Miniature glasses have revealed a new form of 3D vision in praying mantises that could lead to simpler visual processing for robots.
Publishing their latest research in Current Biology, the team at Newcastle University, UK has discovered that mantis 3D vision works differently from all previously known forms of biological 3D vision.
3D or stereo vision helps us work out the distances to the things we see. Each of our eyes sees a slightly different view of the world. Our brains merge these two views to create a single image, while using the differences between the two views to work out how far away things are.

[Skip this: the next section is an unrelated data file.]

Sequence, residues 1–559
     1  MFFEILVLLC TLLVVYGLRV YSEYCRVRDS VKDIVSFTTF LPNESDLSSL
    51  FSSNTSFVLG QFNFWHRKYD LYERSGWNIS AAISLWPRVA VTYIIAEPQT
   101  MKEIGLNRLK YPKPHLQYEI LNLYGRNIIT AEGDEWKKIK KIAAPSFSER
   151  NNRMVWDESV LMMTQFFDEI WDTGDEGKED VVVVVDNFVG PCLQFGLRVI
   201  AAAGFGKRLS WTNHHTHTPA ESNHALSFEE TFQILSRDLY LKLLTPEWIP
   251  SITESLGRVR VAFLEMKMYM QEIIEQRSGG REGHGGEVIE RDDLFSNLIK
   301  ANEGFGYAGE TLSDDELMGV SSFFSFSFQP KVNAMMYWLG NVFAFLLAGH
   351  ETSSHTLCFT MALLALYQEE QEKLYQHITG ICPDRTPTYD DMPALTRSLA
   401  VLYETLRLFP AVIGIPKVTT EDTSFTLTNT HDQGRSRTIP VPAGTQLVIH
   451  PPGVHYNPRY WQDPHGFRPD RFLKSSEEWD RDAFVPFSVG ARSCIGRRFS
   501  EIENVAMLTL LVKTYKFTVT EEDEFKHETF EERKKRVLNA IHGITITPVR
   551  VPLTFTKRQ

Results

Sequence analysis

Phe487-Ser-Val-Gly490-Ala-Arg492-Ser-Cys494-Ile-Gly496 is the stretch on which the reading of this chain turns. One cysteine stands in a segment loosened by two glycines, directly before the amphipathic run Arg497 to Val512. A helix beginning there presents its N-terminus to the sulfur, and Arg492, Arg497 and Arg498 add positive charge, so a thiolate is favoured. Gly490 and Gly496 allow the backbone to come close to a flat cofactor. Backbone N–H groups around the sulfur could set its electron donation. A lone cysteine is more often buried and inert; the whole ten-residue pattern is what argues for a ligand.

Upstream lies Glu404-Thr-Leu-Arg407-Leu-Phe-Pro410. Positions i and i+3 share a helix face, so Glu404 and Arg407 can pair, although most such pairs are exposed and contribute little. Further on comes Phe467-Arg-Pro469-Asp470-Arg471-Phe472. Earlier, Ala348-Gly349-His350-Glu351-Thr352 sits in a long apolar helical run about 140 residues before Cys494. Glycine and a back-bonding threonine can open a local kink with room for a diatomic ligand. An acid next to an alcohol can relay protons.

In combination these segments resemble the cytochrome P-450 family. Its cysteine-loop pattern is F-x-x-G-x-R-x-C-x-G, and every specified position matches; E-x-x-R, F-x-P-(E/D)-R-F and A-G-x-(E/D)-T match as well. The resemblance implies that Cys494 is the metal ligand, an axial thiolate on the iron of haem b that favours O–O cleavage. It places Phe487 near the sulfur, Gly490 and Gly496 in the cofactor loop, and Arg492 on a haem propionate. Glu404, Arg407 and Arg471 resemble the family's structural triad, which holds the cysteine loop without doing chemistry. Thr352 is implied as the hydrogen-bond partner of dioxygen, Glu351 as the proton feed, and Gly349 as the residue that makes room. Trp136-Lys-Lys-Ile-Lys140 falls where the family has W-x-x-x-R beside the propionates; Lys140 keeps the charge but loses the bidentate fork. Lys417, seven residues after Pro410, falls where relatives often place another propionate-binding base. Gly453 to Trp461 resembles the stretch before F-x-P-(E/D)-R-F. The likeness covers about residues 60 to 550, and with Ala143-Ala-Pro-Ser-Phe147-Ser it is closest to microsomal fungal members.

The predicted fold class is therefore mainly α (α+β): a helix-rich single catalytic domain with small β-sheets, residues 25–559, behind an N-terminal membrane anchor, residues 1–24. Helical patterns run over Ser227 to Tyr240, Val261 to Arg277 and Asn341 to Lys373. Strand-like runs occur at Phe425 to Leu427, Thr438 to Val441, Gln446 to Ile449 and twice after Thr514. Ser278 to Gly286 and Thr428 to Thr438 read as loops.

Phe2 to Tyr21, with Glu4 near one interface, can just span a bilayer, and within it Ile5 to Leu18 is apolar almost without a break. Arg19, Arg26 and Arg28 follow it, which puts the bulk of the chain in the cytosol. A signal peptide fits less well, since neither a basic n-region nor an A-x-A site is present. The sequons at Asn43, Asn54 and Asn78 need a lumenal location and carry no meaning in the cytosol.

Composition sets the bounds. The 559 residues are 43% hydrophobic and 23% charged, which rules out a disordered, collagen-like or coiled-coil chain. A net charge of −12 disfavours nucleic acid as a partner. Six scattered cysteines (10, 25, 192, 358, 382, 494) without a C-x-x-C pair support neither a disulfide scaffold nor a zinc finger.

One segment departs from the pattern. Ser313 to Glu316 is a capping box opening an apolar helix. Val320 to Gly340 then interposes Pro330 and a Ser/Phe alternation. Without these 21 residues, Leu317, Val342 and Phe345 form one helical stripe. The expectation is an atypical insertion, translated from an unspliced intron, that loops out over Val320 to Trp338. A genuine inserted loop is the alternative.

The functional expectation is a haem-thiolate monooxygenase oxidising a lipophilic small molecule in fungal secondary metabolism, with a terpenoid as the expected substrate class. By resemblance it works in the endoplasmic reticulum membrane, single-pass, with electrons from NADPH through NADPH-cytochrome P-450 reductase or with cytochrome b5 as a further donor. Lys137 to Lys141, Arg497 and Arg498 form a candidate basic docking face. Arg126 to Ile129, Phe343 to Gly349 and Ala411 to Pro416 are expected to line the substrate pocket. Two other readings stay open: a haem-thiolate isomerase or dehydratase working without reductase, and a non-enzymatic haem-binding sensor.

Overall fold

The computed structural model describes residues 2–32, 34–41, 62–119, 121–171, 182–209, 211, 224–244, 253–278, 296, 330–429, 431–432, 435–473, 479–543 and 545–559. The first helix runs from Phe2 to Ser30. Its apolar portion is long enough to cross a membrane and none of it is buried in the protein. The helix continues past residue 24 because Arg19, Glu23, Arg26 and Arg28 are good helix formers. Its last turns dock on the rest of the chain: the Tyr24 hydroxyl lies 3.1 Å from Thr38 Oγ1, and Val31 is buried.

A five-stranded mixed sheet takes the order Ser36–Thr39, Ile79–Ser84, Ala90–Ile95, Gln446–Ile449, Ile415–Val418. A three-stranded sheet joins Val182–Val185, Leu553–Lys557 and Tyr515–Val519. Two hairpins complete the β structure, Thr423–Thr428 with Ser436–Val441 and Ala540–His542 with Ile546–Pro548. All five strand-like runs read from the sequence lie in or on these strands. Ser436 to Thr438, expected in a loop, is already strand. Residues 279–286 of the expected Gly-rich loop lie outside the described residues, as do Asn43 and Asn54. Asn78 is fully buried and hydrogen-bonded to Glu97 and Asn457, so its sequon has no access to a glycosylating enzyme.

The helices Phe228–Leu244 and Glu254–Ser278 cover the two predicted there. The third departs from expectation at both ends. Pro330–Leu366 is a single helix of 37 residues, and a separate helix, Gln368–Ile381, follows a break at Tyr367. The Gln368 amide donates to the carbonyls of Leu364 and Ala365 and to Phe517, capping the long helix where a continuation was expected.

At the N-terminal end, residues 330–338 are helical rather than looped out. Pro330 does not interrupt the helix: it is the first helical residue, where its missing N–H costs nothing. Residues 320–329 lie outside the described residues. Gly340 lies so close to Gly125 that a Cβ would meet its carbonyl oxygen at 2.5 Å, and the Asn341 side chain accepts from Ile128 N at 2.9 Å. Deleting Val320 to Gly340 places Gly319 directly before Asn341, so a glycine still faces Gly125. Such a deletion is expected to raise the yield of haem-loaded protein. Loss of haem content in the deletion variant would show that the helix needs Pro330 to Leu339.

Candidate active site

But humans are not the only animals that have stereo vision. Other animals include monkeys, cats, horses, owls and toads, but the only insect known to have stereo vision is the praying mantis.